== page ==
Mission: Alaska Walleye Pollock Survey
Geographical Area: Gulf of Alaska
Date: July 11th, 2013
Location Data from the Bridge:
Latitude: 56.56 N
Longitude: 152.74 W
Ship speed: 11.3 kn
Weather Data from the Bridge:
Air temperature: 10.7 degrees Centigrade
Surface water temperature: 8.6 degrees Centigrade
Wind speed: 18 kn
Wind direction: 250 degrees
Barometric pressure: 1016 mb
Science and Technology Log:
So now that you know what we do with the fish after they are caught, let’s go back and see how the fishermen trawl. There are two large nets at the stern of the ship. Today we used both nets for the first time. The scientists, crew, and fishermen all work together to catch the fish. In the acoustics lab Paul is reviewing and scrutinizing the data he receives from the echo locators mounted on the hull of the ship. There are many factors he must evaluate in order to have a good trawl. There are places in our area that have been marked as “untrawlable”. This is usually due to a sea floor that is rocky. Trawling in these places may ruin the nets. We have completed at least one trawl a day since we have been out to sea. Today we completed two during my watch. The first was with a larger net and was not sent all the way to the bottom. The second trawl was sent to the bottom with a smaller net. The bottom trawl brought up the largest pollock I have seen so far. The longest pollock was 75 cm. We also brought up a salmon, cod, rock fish, and a whole lot of herring.
The nets are both on large spools and are released or returned with the help of a very large winch. Before the net is released into the water the CamTrawl is attached to it. This is a camera that takes pictures that help the scientists see at what point in the trawl fish were entering the net.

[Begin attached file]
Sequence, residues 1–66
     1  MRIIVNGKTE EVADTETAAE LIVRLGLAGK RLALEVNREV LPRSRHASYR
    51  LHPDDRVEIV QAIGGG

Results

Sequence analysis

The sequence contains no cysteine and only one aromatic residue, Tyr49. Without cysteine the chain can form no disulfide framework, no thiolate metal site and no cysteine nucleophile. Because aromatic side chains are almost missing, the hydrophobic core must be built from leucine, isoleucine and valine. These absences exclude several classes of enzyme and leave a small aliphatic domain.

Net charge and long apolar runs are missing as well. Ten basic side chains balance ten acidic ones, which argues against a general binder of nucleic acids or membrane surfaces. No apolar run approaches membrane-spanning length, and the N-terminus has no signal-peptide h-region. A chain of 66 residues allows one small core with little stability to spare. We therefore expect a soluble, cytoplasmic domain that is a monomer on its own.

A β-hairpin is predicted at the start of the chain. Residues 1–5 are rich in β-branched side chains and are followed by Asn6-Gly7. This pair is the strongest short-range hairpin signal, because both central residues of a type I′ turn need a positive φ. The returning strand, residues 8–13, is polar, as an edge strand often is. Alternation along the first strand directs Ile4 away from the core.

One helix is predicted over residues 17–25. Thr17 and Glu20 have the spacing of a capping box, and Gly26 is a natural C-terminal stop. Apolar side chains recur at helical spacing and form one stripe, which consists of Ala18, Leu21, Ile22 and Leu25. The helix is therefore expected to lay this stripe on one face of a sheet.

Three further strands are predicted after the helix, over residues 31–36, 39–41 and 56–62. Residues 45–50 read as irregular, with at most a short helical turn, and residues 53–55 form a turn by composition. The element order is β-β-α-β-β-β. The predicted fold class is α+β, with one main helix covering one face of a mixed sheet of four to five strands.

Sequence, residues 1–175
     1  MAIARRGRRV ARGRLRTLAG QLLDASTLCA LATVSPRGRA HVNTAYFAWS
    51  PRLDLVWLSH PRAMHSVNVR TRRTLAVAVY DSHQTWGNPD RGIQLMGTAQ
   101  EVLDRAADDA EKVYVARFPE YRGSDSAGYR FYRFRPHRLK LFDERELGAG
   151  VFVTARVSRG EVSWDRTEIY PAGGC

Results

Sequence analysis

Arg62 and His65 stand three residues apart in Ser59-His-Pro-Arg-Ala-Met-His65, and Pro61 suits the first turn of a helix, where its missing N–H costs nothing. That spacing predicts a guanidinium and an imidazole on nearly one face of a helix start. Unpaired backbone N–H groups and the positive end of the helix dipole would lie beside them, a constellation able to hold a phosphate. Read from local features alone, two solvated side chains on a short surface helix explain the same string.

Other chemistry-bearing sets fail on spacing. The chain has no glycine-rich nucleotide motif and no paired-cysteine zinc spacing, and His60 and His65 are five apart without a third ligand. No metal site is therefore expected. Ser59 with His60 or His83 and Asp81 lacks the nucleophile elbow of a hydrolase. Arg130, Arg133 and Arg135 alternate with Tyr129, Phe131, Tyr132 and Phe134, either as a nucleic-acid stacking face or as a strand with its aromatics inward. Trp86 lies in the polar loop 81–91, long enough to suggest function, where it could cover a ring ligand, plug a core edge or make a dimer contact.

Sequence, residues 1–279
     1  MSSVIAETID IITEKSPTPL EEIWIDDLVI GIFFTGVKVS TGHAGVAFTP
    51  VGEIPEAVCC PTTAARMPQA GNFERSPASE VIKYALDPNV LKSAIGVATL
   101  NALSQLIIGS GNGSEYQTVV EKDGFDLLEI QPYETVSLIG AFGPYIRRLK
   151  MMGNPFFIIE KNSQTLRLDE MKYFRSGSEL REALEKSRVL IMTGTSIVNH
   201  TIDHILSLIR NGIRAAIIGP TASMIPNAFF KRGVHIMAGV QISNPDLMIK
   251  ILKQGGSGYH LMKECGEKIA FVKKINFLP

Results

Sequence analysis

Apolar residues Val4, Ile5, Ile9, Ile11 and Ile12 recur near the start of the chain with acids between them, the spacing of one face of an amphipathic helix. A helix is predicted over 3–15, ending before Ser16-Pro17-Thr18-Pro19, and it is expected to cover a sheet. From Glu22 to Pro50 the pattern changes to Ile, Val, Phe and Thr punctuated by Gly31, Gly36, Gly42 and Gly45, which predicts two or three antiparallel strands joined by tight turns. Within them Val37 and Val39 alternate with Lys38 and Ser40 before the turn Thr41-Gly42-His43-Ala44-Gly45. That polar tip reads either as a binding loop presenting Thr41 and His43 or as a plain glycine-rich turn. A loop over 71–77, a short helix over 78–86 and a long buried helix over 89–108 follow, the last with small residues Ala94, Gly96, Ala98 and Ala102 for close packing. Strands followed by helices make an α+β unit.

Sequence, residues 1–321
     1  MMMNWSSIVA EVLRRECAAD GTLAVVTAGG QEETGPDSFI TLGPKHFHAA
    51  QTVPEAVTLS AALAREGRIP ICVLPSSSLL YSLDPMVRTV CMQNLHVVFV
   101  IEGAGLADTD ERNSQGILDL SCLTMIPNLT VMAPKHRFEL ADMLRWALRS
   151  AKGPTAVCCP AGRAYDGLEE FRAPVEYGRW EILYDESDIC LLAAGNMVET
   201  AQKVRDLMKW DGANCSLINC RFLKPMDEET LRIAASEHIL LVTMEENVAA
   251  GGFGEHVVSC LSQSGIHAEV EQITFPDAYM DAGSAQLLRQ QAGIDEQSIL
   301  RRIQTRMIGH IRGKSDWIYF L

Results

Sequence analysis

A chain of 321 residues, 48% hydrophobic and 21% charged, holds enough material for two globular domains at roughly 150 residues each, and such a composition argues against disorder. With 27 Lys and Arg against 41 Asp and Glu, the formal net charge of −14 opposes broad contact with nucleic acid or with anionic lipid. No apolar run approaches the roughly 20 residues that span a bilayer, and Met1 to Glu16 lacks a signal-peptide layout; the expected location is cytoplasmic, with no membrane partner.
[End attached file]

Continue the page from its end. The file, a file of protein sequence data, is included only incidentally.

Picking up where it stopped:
The time that the net is in the water depends on the information about the amount of fish coming from the acoustics lab. Scientists watch the echo information to determine how much time the net should be in the water to catch enough fish to sample. We must have at least 300 pollock to make a complete survey.
The fishermen bring the nets back to the trawl deck and wind them back onto the spools. They then will use a crane to lift the catch and dump it into a bin. From the fish lab we can lift this bin to dump the fish onto the conveyor belt.
On Monday, we had our weekly fire and abandon ship drills. After the drills I practiced putting on my survival suit. This suit is designed to keep you afloat and warm in the event that you have to go into the water.
On Tuesday, we surveyed up into Deadman’s Bay. It was a beautiful sun shiny day and the scenery was amazing. We were very close to the shore on both sides. I sat out on the trawl deck and scanned the hillsides with my binoculars. I was told that it is common to see bears here, but I did not see any.